posted at 12:47 PM


Tuesday, December 27, 2005

a good goosey christmas time with mom and meg and korie and luke and pat and mike and josh and beth and rihab ... good gifting all around ... even the funniest moment when mike and i realize we've given each other a cd we each already have ... but neither has the one we got for the other ... so we just swapped ... and now he's listening to neil young's prairie wind & i've got the way mellow guitar/bass of metheny/haden beyond the missouri sky ... i hope mike finds his choice for me as much to his liking as i've found my choice for him ... & beth is the latest family member to take a stab at getting us to remember each other's important dates ... with her Murphy Family Red Letter Days calendar ... complete with that wonderful photo circa 1963 ('64?) with each of our younger selves ... it may be the only picture of all twelve of us ... many thanks again for all the stuff ... i can feel the love

posted at 10:22 AM

Beloit College Mindset Lists

posted at 9:18 AM


Monday, December 26, 2005

from Thomas Merton

There must be a time of day when the man who makes plans forgets his plans, and acts as if he had no plans at all.

There must be a time of day when the man who has to speak falls very silent.  And his mind forms no more propositions, and he asks himself: Did they have a meaning?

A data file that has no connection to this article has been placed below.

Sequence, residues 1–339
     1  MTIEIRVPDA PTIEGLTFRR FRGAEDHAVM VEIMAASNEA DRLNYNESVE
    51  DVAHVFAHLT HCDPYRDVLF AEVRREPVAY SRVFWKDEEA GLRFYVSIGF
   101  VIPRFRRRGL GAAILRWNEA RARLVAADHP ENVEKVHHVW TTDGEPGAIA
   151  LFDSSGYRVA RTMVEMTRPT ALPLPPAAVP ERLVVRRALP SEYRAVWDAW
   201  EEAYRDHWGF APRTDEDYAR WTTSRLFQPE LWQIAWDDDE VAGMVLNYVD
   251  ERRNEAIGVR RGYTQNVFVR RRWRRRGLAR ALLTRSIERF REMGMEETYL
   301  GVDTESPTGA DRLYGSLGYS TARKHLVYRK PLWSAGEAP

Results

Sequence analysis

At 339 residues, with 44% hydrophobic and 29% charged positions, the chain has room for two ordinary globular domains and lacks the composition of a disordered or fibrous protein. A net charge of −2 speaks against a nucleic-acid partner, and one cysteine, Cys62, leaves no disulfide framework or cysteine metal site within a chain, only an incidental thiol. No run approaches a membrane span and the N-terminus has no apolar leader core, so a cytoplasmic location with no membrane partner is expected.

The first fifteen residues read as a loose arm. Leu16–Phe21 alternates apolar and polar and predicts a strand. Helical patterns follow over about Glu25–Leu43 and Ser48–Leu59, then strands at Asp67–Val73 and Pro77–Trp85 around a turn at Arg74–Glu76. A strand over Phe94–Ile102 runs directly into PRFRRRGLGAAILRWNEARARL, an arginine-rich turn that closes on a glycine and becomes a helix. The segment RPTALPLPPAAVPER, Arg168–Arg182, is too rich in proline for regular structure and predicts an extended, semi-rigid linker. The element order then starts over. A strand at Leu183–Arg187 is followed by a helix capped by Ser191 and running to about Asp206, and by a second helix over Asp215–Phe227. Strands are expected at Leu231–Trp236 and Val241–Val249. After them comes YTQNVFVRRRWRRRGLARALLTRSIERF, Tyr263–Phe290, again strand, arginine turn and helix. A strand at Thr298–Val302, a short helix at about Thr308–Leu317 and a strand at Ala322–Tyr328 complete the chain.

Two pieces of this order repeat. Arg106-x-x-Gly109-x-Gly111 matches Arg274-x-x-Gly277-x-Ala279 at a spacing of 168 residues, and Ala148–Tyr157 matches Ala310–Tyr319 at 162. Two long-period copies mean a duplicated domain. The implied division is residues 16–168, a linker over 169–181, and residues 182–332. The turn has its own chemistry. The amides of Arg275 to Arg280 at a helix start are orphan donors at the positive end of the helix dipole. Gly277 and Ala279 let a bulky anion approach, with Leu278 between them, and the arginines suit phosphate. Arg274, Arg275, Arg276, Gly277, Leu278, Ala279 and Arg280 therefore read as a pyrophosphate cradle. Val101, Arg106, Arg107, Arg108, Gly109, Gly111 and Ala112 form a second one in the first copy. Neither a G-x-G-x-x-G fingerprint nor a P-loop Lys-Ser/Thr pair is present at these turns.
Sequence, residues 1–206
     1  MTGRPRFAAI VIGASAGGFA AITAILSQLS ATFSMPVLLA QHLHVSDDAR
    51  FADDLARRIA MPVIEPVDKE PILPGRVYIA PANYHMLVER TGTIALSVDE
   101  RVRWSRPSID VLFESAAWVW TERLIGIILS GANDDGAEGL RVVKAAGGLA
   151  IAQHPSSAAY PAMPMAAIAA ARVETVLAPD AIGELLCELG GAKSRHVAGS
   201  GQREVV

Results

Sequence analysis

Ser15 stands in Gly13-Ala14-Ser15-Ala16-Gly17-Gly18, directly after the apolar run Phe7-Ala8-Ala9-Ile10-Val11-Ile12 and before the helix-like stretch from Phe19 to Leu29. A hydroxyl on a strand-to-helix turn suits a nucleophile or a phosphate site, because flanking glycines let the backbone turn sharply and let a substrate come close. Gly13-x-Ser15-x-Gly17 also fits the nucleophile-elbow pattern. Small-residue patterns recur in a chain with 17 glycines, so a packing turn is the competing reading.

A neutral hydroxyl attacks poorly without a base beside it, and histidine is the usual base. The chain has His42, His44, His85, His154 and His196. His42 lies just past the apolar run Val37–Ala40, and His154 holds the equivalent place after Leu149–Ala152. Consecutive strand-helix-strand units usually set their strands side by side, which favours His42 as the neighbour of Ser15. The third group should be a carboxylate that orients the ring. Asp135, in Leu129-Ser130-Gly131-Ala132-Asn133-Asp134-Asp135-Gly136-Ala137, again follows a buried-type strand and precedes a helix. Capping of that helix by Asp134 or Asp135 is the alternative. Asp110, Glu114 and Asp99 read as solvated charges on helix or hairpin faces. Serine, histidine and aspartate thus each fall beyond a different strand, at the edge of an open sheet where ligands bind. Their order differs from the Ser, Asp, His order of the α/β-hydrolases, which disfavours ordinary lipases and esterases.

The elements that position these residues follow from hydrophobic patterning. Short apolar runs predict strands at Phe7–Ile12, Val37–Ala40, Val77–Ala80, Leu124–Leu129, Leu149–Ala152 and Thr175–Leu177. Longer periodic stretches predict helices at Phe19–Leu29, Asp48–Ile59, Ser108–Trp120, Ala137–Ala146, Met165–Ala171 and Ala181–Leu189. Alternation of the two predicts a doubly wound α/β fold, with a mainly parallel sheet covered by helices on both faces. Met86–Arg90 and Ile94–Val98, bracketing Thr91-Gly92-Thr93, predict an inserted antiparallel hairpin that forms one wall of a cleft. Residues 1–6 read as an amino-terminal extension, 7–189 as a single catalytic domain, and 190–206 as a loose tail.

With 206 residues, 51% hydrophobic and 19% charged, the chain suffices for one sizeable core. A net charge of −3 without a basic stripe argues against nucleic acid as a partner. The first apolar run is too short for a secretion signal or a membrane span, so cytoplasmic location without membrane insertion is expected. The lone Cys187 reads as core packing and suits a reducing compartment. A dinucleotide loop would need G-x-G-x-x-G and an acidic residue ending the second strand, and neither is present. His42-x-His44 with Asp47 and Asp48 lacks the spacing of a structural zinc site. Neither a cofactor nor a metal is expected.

There must be a time when the man of prayer goes to pray as if it were the first time in his life he had ever prayed; when the man of resolutions puts his resolutions aside as if they had all been broken, and he learns a different wisdom: distinguishing the sun from the moon, the stars from the darkness, the sea from the dry land, and the night sky from the shoulder of a hill.

from No Man is an Island by Thomas Merton. Harcourt Brace Jovanovich, New York, 1955.

 A note [from The Merton Foundation] about inclusive language. Merton wrote before inclusive language was common practice.  In light of Merton's inclusive position on so many issues and his many references to our essential unity, we hope these reflections will be read from an inclusive point of view.

posted at 9:52 PM